Chem-Spill Expert Disputes Gov't Claims of a 'Controlled Burn' of Vinyl Chloride In East Palestine

P. Gardner Goldsmith | February 26, 2023
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As partisan political figures point fingers in East Palestine, Ohio, they avoid discussing the perverse economic incentives that their claims of “regulation” create.

They avoid not only the financial truth that “regulated” rail operators are incentivized by government to reach only the “safety minimum” the government dictates, but they also avoid the reality that rail operators recognize the incentive in lobbying and sending money to Washington in order to keep those safety protocols as low as possible.

But the partisan political figures also are avoiding something else. In a truly market-based paradigm of private property respect, real liability, and insurance demands, the rail operators likely would have to operate more carefully than under the “government rules” system.

And none of the parties attached to a toxic spill that was turned into a toxic-fume-belching inferno would be able to so easily claim that the “burn” was “controlled” or done properly.

Ohio Governor Mike DeWine (R) February 17 claimed that he and Pennsylvania Governor Josh Shapiro (D) mutually gave the go-ahead for a “controlled release” and then a “controlled burn” of the vinyl chloride contained in numerous of the derailed Norfolk Southern rail cars in East Palestine, Ohio, saying the decision was the better of “two bad options.”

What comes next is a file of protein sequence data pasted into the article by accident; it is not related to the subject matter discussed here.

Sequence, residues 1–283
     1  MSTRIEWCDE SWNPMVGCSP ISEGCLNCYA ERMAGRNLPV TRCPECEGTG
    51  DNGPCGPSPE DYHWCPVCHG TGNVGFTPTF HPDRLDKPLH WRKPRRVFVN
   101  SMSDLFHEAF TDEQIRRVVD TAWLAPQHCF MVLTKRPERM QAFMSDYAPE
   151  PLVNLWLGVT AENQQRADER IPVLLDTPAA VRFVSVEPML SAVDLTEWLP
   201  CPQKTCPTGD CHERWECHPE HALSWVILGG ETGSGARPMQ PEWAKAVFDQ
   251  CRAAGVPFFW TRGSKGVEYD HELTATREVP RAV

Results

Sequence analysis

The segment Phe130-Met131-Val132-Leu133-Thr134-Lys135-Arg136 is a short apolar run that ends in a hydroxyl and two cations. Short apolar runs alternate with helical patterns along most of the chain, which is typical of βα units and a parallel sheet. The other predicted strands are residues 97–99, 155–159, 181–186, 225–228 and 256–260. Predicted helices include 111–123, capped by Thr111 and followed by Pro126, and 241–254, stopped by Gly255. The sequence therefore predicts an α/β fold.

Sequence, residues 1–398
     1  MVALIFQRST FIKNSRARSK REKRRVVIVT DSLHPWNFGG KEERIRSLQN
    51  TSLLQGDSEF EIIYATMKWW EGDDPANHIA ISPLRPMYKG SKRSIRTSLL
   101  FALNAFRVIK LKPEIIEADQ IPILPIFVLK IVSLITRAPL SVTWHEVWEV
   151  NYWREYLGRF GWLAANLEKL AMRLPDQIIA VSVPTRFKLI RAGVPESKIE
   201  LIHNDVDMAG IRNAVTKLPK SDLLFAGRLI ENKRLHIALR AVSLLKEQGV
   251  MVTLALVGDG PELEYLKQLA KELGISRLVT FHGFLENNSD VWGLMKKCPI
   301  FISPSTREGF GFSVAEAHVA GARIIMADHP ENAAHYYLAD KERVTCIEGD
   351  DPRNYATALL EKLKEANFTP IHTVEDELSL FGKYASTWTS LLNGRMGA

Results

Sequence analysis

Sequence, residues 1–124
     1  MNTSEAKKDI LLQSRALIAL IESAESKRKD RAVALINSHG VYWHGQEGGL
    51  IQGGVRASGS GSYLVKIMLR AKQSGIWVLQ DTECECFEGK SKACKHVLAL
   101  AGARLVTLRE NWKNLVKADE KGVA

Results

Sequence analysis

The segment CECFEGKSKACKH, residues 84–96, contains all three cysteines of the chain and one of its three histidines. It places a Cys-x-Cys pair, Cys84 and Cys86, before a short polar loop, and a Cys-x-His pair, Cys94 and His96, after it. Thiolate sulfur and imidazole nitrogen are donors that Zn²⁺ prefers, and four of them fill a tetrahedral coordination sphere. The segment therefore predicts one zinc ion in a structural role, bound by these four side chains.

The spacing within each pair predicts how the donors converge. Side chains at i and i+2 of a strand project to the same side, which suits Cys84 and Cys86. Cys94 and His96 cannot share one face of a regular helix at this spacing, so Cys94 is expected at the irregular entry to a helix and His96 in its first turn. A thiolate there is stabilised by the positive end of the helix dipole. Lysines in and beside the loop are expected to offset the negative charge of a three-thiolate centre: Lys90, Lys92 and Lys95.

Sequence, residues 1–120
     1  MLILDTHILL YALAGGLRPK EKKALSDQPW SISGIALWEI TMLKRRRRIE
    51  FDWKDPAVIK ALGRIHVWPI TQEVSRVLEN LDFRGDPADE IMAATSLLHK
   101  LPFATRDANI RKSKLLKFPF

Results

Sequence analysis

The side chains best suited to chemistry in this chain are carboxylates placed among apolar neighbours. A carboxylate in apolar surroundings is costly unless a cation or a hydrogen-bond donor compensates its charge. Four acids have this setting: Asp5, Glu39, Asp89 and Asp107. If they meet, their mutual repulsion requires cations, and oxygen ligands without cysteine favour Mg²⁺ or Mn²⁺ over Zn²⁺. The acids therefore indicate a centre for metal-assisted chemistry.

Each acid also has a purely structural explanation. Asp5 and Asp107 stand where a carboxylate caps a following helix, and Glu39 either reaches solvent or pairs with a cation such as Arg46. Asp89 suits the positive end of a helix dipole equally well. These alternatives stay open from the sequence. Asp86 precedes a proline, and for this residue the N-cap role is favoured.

But an independent chemical-spill expert recently visited East Palestine to put the lie to claims that the burn was “controlled” in any way, and he worries about the potential damage to property, wildlife, and people the government actions might inflict.

Leah Barkoukis reports for TownHall:

“’It wasn’t a controlled burn. It was an uncontrolled burn,’ independent environmental scientist and chemical spill expert Stephen Petty said. ‘In hazardous waste situations, they very carefully control the temperature and the amount of oxygen so they get complete combustion…so it’s not a controlled burn because a controlled burn would have to be like in a furnace or in your car or in some system where you control the fuel… the vinyl chloride and the amount of oxygen. So they didn’t do that.’”

Petty’s observation seems quite valid, given that officials such as DeWine have claimed that they engaged the “burn option” because the spill was out of control.

How one burns something spilling in an “out of control fashion” is difficult to fathom, and the resultant fireball seen for miles adds more doubt as to the veracity of DeWine’s claim about “control.”

Of course, DeWine and other government officials stand very little chance of being held personally responsible for any bad decisions they made – even as they saw their salaries paid by taxes extracted in part from the very people in the area who now suffer personal injuries and property devaluation.

Writes Barkoukis:

“Many residents reported noxious smells, which they said caused headaches and other problems like nausea, rashes, burning eyes, and more. 

Thousands of fish and other wildlife also died in the days following the burn.”